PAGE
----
5 of the Biggest Fitness Trends in 2020


Just like all other industries and aspects of the modern world, fitness continues to evolve, both technologically and in terms of cutting-edge nutrition and exercise concepts. With more and more people wanting to live healthy lives, new trends in fitness demonstrate the changing culture of gyms, exercise regimen, diet, and strength training. 

COVID-19 has certainly complicated the gym scene, but in many ways, this unprecedented global health crisis is pushing fitness in new directions, as both trainers and clients are forced to adapt while still working up a sweat.

Here are 5 trends in fitness to keep your eyes on in 2020:

Community-driven fitness

The concept of community-driven fitness isn’t all that complicated – basically, it just means working out in groups and teams – but it’s a trend that has been growing in popularity and that growth is expected to continue in 2020 and beyond.

Community-driven fitness usually involves live-streamed classes, posting selfies as you check-in, social media challenges, and fitness apps that allow group chats. According to Katrina Scott and Karena Dawn, co-owners of a nutrition program, community fitness is especially popular with women. 

“[It’s] becoming more important than ever as women seek connection in their busy, modern lives,” they say, adding, “Having a team to cheer you on and empathize with where you are in your journey helps make those tough days more achievable.”

More and more gyms offer community-driven fitness programs. Some gyms in Tucson, for example, offer unlimited team training plans so that you can exercise and train with a group of friends.

HILIT—high-intensity, low-impact training

High-intensity interval training has been a hit among fitness-minded trainers for years. But high-intensity, low-impact training is expected to really take off in 2020 and beyond. It’s an evidence-based method of burning calories while reducing the strain on your joints.

Trainers say a HILIT session is based on working a certain muscle or part of the body vigorously for 20-30 seconds and then stopping for 10-15 seconds and repeating that for 8 sets. This leads to high-intensity muscle strength and an optimized cardiovascular workout.

This form of training is popular among runners, CrossFitters, and high-impact athletes.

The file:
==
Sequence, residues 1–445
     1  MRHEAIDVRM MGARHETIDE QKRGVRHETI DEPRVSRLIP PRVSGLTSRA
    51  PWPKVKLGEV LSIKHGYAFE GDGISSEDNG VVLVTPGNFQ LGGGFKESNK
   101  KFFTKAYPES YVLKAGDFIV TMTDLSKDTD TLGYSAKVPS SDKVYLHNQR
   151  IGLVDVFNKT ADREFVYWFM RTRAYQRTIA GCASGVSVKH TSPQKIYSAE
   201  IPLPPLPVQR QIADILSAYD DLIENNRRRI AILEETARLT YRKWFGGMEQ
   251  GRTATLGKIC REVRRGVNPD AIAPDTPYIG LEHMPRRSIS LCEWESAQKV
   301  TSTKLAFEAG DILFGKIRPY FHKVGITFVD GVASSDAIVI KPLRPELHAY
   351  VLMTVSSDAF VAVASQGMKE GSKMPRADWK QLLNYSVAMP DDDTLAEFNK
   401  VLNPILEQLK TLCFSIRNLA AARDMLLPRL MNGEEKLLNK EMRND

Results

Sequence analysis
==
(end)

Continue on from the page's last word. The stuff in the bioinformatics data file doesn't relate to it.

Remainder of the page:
All-in-one fitness

More and more healthcare providers, doctors, and physical therapists are consolidating their practices and attempting to synchronize and merge certain kinds of services. In the past, most people have had to make separate appointments for health checkups, exercise training, dietitians, PT, and other needs, but a new niche is forming that entails being able to receive all or most of your medical care, including physical therapy and gym workouts, from a single provider – sometimes in a single building.

Increasingly common with HMO healthcare providers like Kaiser Permanente, analysts expect all-in-one fitness to grow in popularity in the coming years.

Virtual trainers

In the age of COVID-19, it’s never been more clear that there is tremendous value in virtual and remote services. As virtual platforms get stronger, this trend is slowly spreading into physical fitness. One-on-one coaching through an online web portal allows trainers to book more clients and it allows clients to get a good workout from the comfort of their own home. 

This is especially crucial right now, as many people are quarantining and taking social distancing measures. Remote workouts can be done without wearing a mask or exposing yourself to the coronavirus. 

Rowing classes

Rowing as a regular training and fitness exercise has come a long way in recent years. Rowing machines are increasingly popular in gyms and used to build muscle (the English Institute of Sport says rowing works 86% of the body’s muscles). As a result, there is an entire new cottage industry surrounding it, including specialized gyms and exercise machines that are all about rowing. 

Trainers say that in addition to its powerful muscle workout, rowing increases upper body strength, reduces joint strain, and even improves posture. 

The fitness industry is booming and, as a result, there is a steady stream of new trends. In addition to the ones listed above, there are a great many additional trends in fitness, including digital on-demand apps, high-tech boutique training, kickboxing, meditation, cardio-rhythm classes, customized fitness programs, wearable tech/smart clothing, and many more. 

It’s a wide world of fitness out there. Even during a pandemic, you can still get your sweat on.


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